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Happy New Year? GPs braced for e-cigarette onslaught

ecigarette 3x2 SUO

ecigarette 3×2 SUO

GPs could face thousands of requests from patients for prescriptions for e-cigarettes after the Government announced one of the devices had been granted a licence by the UK drugs regulator.

The Department of Health confirmed the newly licenced e-cigarette could be ‘prescribed alongside existing nicotine replacement therapies’.

Public health chiefs said they welcomed the news, which they said would provide another ‘option for stop-smoking services, GPs and pharmacists to help smokers quit’.

But GP leaders warned it would place an extra, unnecessary burden on GPs and that stop-smoking services should pick up any new demand.

Public health minister Jane Ellison revealed the licence had been granted during questions in the House of Commons at the end of November.

Ms Ellison said: ‘The first e-cigarette was licenced by the Medicines and Healthcare products Regulatory Agency earlier this month.’

She quoted the findings of a recent report by Public Health England, which concluded the use of e-cigarettes and other so-called ‘vaping’ devices is ‘significantly less harmful than smoking tobacco products’ and that ‘evidence suggests that smokers can substantially benefit their health by fully substituting the use of e-cigarettes for smoking’.

The MHRA confirmed to Pulse that the ‘e-Voke’ device was the first ‘true’ e-cigarette to be licensed and that it would be available as a general sales medicine from pharmacies without a prescription, as well as on prescription through smoking-cessation services.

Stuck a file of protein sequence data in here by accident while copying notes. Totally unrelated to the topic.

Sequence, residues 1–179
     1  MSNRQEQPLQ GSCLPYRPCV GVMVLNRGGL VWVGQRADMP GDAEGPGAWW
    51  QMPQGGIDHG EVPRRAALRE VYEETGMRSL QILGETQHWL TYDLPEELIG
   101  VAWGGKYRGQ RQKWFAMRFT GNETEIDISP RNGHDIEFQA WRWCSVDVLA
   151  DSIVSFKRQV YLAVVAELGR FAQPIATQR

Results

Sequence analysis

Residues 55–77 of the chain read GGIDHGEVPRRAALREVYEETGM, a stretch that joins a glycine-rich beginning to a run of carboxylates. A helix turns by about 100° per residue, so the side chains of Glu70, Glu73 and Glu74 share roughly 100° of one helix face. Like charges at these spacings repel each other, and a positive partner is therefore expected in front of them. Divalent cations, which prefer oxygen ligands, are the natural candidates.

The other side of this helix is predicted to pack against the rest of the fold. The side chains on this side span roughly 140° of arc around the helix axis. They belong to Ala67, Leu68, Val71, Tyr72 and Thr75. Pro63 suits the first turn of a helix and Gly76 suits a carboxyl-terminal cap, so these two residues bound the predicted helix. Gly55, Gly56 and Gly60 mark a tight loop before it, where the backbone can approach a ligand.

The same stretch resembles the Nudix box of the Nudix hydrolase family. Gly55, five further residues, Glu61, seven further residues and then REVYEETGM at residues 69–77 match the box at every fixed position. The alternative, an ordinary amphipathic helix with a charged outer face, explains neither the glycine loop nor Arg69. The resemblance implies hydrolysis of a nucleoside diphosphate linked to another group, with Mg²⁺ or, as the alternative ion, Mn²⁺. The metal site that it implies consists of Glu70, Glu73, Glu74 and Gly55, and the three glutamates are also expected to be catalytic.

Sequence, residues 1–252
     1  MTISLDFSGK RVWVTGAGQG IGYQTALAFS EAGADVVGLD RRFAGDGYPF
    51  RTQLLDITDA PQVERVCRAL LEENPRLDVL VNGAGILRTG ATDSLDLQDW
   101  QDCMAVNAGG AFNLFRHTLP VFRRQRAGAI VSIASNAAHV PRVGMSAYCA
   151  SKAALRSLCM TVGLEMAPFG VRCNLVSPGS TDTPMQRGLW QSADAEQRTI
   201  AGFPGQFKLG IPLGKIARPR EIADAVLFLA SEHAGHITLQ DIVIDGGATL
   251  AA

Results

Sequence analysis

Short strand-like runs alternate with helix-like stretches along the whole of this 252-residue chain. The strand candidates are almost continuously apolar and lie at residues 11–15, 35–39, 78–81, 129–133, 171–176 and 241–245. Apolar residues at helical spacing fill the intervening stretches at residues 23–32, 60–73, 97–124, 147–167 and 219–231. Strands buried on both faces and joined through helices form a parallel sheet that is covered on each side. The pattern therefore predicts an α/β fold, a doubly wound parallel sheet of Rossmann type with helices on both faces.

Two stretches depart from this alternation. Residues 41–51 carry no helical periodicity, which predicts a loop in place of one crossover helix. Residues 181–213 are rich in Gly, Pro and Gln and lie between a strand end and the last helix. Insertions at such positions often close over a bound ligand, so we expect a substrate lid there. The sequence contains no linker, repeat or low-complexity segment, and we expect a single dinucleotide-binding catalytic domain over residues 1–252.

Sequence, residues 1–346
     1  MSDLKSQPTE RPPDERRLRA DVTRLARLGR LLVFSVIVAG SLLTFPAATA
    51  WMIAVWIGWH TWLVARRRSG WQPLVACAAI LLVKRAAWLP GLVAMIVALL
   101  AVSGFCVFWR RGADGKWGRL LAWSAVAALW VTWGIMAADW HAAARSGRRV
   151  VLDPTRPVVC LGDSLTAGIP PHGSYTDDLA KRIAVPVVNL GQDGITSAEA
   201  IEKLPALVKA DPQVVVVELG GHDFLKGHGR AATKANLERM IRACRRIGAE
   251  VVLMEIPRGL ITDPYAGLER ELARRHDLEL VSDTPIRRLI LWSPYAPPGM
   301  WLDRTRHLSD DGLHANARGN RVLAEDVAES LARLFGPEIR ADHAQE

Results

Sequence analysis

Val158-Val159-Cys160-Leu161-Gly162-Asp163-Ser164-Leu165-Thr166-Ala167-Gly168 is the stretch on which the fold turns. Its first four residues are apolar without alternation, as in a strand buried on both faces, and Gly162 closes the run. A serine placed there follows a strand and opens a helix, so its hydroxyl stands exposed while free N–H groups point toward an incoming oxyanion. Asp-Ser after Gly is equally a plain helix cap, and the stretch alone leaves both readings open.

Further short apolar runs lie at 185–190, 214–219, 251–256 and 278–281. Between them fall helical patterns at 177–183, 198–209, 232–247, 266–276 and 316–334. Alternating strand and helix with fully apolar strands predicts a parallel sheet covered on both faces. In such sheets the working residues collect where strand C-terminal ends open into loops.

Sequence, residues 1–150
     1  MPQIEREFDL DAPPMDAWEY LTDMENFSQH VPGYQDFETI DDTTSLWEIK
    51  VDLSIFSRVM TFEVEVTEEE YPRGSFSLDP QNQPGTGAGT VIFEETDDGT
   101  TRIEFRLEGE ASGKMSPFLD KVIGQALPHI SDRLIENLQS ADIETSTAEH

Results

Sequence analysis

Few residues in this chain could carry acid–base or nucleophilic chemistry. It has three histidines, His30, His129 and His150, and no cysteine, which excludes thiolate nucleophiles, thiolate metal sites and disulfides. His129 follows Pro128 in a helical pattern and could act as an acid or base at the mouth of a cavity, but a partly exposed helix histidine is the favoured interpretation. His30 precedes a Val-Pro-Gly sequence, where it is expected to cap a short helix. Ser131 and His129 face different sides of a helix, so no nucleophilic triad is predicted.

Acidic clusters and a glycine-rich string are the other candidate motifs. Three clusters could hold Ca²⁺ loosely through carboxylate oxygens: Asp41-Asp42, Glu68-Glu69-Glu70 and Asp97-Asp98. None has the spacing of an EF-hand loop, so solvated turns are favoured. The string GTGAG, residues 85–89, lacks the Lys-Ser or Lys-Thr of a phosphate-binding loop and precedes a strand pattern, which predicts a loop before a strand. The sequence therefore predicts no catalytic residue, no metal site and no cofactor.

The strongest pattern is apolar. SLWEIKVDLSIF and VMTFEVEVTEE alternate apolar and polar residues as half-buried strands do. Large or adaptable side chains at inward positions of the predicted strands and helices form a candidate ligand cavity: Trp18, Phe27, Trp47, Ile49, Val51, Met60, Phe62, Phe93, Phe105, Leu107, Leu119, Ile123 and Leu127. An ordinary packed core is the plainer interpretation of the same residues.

The regulator said in a statement: ‘The e-Voke is a product of acceptable quality and can be an effective aid to cessation.’

The DH said it ‘welcomed the arrival of licensed products that can be prescribed alongside existing nicotine replacement therapies’.


The director of health and wellbeing at Public Health England, Professor Kevin Fenton, said evidence indicated e-cigarettes ‘can help smokers to quit, particularly when combined with support from local stop-smoking services’.

He added: ‘In addition to other existing nicotine-replacement therapies, medicinally licensed e-cigarettes will provide another prescribing option for stop-smoking services, GPs and pharmacists to help smokers quit.’

However, Dr John Grenville, secretary of Derbyshire LMC, said busy GPs would be concerned about additional demand created by the decision.

Dr Grenville said: ‘Given the mood at the moment, GPs would probably resist prescribing it. I suspect there will be a demand and I think we will look very carefully at how to curb that demand.’

Expert view: GPs should say ‘no’

High-quality smoking-cessation services are essential for patients and, in the long run, should be cost effective.

There is, however, no reason for GPs in England to be inundated with requests for e-cigarettes, as smoking cessation is now part of public health, administered through local authorities, who ought to have arrangements for the provision of these medications.

GPs’ role should now be limited to encouraging smokers to attend these services. If they find themselves inundated by prescribing requests following these referrals, they should say no.

Dr Andrew Green is chair of the GPC’s prescribing subcommittee


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